Want to open a bank account directly with a central bank? Thanks to blockchain, Bank of England prepares for retail business
One of the most long established, conservative and imperial institutions that graces London’s elegant and historic financial services epicenter is indeed Britain’s central bank, the Bank of England. The Bank of England is the model on which most modern central banks have been based and was established in 1694. It is the second oldest central […]
One of the most long established, conservative and imperial institutions that graces London’s elegant and historic financial services epicenter is indeed Britain’s central bank, the Bank of England.
The Bank of England is the model on which most modern central banks have been based and was established in 1694. It is the second oldest central bank in the world, however the wood paneled chambers that are so steeped in institutional history are giving way to a completely innovative, technology focused Bank of England that could once again pave the way forward for other central banks, just as the same instition did 322 years ago at its inauguration.
Since following the Bank of England’s lead, many other central banks that issue sovereign currency across the world have never involved themselves in retail business, instead sticking rigidly to the business of liaising with central government, international lawmakers and issuing currency to banking institutions, however this is about to change as the Bank of England has today announced that it may look toward using blockchain technology to offer direct retail accounts to private individuals and companies.
The Bank of England has stated that blockchain, which is the main technical innovation of bitcoin, where it serves as the public ledger of all bitcoin transactions, could be the gateway into the retail space.
Ben Broadbent, Deputy Governor for Monetary Policy at Bank of England has voiced his perspective that the use of blockchain technology would make it easier to allow more companies or even individuals to hold accounts at the Bank.
Mr. Broadbent said “That might mean adding only a narrow set of counterparties – perhaps a wide range of non-bank financial companies. It might mean something more dramatic: in the limiting case, everyone including individuals would be able to hold such balances.”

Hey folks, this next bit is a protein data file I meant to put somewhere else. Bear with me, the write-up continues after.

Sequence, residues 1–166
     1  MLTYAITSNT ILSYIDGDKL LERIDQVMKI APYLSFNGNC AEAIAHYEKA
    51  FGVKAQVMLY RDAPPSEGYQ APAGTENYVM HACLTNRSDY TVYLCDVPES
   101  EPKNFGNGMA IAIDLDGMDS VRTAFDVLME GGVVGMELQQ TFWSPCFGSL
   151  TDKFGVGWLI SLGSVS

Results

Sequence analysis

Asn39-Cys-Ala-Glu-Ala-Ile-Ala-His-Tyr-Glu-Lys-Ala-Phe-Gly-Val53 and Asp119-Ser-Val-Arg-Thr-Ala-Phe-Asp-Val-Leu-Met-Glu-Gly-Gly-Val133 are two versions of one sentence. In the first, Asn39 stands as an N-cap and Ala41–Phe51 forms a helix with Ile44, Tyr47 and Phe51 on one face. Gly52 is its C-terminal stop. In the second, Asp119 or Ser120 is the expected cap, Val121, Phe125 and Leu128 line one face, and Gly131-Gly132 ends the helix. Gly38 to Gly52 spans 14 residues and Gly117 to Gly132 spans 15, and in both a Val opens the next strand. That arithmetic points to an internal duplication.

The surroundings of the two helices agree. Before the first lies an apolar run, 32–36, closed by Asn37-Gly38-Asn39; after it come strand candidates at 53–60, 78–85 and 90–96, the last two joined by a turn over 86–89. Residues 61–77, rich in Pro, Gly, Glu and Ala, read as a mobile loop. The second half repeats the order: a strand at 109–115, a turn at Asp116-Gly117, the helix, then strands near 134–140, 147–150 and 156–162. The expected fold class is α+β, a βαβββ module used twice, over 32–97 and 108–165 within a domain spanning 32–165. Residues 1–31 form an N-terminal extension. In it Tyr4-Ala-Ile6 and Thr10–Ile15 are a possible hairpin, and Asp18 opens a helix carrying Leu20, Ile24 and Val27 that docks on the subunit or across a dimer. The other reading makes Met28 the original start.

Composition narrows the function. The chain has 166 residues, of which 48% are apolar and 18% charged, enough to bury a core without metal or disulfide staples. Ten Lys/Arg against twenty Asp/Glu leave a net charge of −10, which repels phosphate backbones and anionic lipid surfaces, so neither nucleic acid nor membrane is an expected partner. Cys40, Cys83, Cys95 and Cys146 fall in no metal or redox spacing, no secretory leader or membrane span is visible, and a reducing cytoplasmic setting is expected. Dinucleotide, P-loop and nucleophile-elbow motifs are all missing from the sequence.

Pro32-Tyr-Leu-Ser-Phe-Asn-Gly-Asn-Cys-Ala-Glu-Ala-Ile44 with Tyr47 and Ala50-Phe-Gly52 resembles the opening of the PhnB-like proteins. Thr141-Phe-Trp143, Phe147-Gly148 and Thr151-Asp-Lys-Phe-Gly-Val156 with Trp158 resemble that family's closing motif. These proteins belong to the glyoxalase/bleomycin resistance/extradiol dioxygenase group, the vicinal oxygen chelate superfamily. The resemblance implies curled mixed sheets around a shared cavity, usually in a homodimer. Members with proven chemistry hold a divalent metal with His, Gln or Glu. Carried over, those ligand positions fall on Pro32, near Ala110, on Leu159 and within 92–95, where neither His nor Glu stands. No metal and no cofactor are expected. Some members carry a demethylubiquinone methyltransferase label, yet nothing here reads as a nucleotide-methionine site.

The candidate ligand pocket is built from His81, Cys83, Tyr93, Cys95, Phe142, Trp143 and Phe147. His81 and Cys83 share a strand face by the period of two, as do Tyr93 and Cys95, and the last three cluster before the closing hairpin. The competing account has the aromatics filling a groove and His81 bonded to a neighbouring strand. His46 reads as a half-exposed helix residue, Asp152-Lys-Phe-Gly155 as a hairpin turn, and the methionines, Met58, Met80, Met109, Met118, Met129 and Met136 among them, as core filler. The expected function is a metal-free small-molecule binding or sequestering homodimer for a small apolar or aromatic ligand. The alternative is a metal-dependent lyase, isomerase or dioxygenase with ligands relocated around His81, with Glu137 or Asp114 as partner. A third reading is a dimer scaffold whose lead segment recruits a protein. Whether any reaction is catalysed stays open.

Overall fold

“On the one hand, it would probably make banks safer. Currently, deposits are backed mainly by illiquid loans, assets that can’t be sold on open markets; if we all tried simultaneously to close our accounts, banks wouldn’t have the liquid resources to meet the demand. The central bank, by contrast, holds only liquid assets on its balance sheet. The central bank can’t run out of cash and therefore can’t suffer a “run”. On the other hand, taking deposits away from banks could impair their ability to make the loans in the first place. Banks would be more reliant on wholesale markets, a source of funding that didn’t prove particularly stable during the crisis, and could reduce their lending to the real economy as a result” – Ben Broadbent, Bank of England.
Mr Broadbent’s explanation continued in that “The distributed ledger works by encouraging users to verify for themselves, and others, blocks of transactions made over time. As everyone in the system has the right to do this, and everyone can see the results, there is no need for a trusted, centralised clearer” he said.
“This allows transfers to be verifiably recorded without the need for a trusted third party. It is potentially valuable when there is no such institution and when verifying such information on a multilateral basis is costly.”